Point of departure: music and noise. Music vs. noise. Music constitutes the positive term, noise comprises the negative term. The negative of musical sound is noise. Noise is an undesirable sound, the static on a telephone, the unwrapping of cellophane candies during Mahler. Noise is any sound that interferes; it contaminates what we want to hear. Music is often defined as a pattern of organized sounds, deliberately created in order to produce certain effects, while noise is thought of as sounds that occur naturally or randomly. The steady periodical, stable vibrations of music are in clear contrast to the non-regular and fragmentary vibrations of noise (cf. Nattiez, p.45. cf Murray Schafer, p.5).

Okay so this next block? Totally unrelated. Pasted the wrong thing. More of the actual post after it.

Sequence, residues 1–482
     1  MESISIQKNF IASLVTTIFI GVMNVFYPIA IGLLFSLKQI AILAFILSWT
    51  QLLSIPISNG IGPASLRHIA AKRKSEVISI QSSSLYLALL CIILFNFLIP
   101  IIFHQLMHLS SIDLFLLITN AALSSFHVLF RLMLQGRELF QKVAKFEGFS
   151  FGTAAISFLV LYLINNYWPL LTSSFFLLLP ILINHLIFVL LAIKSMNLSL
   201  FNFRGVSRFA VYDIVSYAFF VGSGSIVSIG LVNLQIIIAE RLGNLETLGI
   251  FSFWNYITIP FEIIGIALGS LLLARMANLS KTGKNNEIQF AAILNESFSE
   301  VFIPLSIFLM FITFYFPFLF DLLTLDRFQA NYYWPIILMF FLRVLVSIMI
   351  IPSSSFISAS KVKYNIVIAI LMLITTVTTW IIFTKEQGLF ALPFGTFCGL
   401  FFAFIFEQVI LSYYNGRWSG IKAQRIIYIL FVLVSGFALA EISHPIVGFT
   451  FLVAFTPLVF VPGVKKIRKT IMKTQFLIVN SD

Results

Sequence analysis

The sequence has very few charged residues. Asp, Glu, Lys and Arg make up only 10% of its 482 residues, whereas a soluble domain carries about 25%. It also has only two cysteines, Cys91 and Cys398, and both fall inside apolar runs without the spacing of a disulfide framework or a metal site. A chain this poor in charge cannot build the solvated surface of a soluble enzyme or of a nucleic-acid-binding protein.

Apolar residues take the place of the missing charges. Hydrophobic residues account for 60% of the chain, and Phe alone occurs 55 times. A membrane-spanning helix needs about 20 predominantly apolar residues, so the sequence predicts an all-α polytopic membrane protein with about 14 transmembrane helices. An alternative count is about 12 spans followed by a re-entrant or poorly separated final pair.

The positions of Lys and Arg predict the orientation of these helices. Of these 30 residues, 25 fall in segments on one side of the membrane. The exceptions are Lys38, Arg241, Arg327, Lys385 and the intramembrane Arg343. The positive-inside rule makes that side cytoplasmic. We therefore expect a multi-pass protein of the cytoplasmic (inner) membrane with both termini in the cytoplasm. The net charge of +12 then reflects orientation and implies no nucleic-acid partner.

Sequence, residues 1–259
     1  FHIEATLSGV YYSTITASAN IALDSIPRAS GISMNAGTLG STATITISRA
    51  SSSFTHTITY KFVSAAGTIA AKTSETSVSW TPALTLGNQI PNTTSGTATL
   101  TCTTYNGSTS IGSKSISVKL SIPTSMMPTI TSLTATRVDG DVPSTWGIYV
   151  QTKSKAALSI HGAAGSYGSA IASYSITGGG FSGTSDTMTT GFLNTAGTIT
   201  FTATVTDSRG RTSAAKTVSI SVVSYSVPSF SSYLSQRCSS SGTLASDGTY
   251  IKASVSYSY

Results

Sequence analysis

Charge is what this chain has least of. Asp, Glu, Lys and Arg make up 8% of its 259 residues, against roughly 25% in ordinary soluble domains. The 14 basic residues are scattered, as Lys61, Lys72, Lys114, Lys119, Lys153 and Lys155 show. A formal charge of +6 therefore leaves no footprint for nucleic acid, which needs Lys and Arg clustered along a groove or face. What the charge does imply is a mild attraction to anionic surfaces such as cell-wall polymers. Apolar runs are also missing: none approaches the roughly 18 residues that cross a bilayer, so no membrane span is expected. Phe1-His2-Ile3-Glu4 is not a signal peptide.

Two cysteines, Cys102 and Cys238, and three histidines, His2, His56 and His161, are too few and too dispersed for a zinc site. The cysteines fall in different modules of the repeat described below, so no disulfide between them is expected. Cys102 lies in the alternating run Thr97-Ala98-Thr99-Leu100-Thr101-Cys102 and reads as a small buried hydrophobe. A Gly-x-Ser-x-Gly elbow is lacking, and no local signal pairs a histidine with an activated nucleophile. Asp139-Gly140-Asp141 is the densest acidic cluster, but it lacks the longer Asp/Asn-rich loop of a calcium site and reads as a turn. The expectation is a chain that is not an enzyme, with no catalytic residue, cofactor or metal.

In Noise, French thinker Jacques Attali apparently develops a similar outlook. According to Attali, the history of music can be seen as the history of the ordering of noise in codes. However, the impact of music goes beyond this. Attali regards the ability of music to bring about discipline among its major functions. Music can be regarded as an affirmation of the possibility of establishing order in the social. Music is used and produced in an attempt to make people forget the general violence, to make people believe in the harmony of the world, and to silence and censor all other human noises (Attali, p.19). When music banishes noise, it (symbolically) proscribes violence in a more general sense. Thus, music simulates the accepted rules of society. An example. To Attali, the entire history of tonal music amounts to an attempt at making people believe there is harmony in order. '[Tonal] music made harmony audible. It made people believe in the legitimacy of the existing order' (Attali, p.61). Dissonances (conflicts and struggles) are forbidden, unless they are merely marginal and resolved in a higher order and ultimate harmony.